Substance Abuse on the Rise: Know the Signs
No one thinks it will happen to them, but substance abuse upends families every day. A recent report(1) from the National Institute on Drug Use showed some concerning trends among young adults (age 18-30):
- Daily, past-month and past-year marijuana use reached the highest levels recorded since 1988.
- Reports of past-year hallucinogen use started to increase dramatically in 2020 after being stable for the past few decades.
- Binge drinking (5 or more drinks in a row) rebounded in 2021 after experiencing an historic low in 2020.
- High-intensity drinking (10 or more drinks in a sitting) reached its highest recorded level since 2005.
Of the 5.1 million young adults in the US with a substance use disorder, 87% did not get treatment according to SAMHSA, the Substance Abuse and Mental Health Services. Being aware of and watching for these signs of substance abuse is a first step toward getting people help:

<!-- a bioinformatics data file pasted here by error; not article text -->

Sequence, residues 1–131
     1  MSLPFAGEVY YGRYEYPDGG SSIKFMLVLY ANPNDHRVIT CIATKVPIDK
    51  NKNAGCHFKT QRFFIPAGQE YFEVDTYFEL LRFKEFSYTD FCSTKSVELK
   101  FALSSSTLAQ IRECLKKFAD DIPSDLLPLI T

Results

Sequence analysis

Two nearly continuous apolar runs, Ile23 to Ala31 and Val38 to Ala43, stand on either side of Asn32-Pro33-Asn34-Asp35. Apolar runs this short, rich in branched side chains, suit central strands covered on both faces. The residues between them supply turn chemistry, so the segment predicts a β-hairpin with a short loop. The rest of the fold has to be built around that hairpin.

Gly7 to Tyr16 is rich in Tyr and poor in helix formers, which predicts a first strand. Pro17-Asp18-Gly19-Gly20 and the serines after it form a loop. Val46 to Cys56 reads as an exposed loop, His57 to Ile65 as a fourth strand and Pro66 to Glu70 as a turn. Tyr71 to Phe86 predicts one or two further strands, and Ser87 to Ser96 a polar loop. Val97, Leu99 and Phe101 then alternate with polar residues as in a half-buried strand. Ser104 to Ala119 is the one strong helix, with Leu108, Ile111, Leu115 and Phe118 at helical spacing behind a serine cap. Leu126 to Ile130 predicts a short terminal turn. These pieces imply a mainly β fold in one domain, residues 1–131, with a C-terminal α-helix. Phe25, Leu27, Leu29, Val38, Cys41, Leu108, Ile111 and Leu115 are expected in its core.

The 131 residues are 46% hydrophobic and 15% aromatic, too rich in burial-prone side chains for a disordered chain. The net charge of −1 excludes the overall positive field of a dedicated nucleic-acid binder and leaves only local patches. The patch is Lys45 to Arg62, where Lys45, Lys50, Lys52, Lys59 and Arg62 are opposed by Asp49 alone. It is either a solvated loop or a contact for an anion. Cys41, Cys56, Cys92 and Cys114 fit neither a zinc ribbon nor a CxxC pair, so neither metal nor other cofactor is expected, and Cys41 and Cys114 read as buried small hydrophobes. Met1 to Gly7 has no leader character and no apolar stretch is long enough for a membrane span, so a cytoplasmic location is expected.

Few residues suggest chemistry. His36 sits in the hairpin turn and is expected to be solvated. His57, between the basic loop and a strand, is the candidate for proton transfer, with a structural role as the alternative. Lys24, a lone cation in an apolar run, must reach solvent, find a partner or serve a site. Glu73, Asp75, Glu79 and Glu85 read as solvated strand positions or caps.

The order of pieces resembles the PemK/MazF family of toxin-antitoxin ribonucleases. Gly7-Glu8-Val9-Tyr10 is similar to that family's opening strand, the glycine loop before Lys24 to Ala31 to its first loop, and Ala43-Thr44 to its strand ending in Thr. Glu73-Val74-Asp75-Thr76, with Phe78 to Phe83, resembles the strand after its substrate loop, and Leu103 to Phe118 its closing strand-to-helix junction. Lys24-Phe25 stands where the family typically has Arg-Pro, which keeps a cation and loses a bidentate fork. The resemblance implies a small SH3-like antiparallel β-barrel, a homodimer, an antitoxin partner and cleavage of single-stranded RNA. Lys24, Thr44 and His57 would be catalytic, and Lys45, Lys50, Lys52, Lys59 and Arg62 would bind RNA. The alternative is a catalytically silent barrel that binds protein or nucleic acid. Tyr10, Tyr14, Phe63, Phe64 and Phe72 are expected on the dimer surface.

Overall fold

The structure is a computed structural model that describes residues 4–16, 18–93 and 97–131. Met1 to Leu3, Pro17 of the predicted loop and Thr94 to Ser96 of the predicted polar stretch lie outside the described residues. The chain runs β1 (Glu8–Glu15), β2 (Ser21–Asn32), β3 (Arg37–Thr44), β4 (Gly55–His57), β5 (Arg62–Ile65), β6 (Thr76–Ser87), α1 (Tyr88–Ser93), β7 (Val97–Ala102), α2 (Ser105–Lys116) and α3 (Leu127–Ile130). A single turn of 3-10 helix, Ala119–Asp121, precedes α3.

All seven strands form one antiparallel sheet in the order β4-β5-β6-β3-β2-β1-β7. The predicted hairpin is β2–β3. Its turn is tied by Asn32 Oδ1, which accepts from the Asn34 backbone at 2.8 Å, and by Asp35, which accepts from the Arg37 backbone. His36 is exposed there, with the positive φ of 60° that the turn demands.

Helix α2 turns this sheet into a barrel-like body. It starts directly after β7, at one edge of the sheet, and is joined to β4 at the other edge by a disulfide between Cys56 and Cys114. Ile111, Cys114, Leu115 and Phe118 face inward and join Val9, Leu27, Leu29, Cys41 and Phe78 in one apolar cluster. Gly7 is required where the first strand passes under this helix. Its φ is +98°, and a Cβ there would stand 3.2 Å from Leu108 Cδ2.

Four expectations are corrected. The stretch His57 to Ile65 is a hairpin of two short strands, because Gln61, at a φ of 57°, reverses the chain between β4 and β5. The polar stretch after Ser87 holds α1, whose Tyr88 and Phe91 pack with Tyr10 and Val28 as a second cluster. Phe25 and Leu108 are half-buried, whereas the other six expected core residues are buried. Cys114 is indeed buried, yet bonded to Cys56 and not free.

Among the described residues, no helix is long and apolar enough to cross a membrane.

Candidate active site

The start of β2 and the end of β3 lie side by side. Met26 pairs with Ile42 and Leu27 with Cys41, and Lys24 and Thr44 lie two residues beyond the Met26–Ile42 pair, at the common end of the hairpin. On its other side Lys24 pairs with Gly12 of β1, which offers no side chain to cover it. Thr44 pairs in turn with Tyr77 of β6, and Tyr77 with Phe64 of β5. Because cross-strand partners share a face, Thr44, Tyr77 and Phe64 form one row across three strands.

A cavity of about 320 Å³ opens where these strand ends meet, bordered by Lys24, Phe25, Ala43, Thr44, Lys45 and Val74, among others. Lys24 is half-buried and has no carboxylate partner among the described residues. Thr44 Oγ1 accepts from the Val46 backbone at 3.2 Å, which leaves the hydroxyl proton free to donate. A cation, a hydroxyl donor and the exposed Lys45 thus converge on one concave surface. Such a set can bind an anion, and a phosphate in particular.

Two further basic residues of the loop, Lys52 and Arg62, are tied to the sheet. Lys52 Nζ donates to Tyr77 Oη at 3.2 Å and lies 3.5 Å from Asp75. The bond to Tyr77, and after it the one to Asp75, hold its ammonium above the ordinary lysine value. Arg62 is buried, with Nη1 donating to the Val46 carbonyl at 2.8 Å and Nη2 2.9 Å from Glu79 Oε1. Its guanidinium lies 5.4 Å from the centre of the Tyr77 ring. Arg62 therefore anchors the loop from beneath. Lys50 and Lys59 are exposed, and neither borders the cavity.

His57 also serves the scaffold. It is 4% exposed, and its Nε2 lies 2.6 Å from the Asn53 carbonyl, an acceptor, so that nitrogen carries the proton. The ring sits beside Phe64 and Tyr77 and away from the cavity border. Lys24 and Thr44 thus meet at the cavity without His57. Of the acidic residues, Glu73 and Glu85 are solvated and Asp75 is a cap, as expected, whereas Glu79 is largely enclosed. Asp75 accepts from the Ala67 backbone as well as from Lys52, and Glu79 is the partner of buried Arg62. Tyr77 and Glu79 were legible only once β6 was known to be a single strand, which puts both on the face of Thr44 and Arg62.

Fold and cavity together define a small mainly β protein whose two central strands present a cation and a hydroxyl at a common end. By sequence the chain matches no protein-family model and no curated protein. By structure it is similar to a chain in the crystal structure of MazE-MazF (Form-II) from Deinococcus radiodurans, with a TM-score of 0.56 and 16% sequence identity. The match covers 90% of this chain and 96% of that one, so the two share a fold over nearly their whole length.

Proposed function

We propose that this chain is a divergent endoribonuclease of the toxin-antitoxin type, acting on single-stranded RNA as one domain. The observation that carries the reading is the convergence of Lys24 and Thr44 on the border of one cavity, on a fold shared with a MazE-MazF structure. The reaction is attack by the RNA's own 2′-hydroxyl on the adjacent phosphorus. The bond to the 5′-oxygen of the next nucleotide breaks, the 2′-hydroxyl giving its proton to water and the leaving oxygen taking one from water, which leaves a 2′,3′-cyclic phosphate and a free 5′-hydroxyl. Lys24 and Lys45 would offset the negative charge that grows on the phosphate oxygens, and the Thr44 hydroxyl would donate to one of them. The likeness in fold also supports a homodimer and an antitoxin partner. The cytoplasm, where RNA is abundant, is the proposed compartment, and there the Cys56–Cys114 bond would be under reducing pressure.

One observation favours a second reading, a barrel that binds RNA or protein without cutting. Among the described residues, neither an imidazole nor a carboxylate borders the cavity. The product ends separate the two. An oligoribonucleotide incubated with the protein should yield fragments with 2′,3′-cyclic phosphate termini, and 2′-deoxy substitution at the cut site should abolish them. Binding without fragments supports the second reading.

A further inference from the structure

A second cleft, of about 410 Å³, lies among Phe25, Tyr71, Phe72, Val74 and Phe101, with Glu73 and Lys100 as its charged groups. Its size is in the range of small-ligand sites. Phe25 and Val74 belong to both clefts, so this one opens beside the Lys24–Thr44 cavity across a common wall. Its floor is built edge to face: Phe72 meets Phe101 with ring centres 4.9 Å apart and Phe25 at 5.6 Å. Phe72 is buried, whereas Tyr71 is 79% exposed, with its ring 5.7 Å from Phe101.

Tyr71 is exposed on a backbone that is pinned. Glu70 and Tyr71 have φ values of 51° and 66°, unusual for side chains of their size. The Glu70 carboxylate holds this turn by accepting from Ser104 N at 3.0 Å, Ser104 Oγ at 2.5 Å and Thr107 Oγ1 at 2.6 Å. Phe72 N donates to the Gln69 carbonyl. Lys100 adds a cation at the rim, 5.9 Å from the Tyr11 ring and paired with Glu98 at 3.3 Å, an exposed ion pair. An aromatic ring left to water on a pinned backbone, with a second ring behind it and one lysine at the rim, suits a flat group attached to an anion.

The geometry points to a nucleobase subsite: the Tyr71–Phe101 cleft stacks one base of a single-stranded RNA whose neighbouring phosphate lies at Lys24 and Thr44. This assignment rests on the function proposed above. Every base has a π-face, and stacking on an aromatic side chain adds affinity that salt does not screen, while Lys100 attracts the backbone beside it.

Signs of Substance Abuse
- Large or small pupils, bloodshot eyes
- Sudden weight loss or gain
- Insomnia/sleep pattern changes
- Poor coordination/rapid or slurred speech
- Unusual body odors/unkempt appearance
- Mood swings, personality changes, outbursts
- Secretive behavior
- Problems at school/work or neglecting home responsibilities
- New friend groups or social activities
- Risk-taking when using – driving recklessly, having unprotected sex
- Legal problems – DUIs, disorderly conduct arrests
How to Start a Conversation about Substance Abuse
Maybe you’ve noticed these signs and you’re concerned about your loved one. How do you start a conversation? Try these steps from SAMHSA(2):
- Identify an appropriate time and place. Consider a private setting with limited distractions, such as at home or on a walk.
- Express concerns and be direct. Ask how they are feeling and describe the reasons for your concern.
- Acknowledge their feelings and listen. Listen openly, actively and without judgment.
- Offer to help. Provide reassurance that mental and/or substance use disorders are treatable. Help them locate and connect to treatment services.
- Be patient. Recognize that helping your loved one doesn’t happen overnight. Continue reaching out with offers to listen and help.
A primary care provider can be a helpful resource if you’re concerned about or a loved one’s – or your own – substance use or abuse. It’s important to know that health care providers will listen without judgment and guide you to essential resources.